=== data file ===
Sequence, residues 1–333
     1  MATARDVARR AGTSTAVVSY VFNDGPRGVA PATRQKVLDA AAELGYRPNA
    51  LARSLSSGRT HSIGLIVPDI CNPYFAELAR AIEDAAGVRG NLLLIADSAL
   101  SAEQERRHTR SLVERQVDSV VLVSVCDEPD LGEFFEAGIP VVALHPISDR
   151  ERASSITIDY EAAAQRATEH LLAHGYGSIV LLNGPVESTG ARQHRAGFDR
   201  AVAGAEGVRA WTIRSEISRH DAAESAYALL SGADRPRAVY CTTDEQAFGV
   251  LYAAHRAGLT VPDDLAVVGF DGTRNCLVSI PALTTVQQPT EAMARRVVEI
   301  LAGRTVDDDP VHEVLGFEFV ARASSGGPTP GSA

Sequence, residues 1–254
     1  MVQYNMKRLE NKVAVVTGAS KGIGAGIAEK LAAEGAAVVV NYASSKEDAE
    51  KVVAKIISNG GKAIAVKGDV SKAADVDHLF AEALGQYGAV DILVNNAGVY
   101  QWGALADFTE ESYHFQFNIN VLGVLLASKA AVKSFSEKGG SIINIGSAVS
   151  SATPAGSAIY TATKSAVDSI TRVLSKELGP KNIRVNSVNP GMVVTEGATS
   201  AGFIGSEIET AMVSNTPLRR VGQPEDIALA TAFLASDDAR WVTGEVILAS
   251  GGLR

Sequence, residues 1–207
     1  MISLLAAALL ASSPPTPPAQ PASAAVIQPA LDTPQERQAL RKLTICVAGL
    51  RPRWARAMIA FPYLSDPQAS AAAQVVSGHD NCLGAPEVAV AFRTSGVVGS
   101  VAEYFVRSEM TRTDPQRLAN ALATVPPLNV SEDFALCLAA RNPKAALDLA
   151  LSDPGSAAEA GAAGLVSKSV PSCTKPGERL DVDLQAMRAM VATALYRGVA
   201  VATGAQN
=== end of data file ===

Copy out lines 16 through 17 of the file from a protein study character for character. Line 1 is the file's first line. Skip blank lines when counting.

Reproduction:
Sequence, residues 1–207
     1  MISLLAAALL ASSPPTPPAQ PASAAVIQPA LDTPQERQAL RKLTICVAGL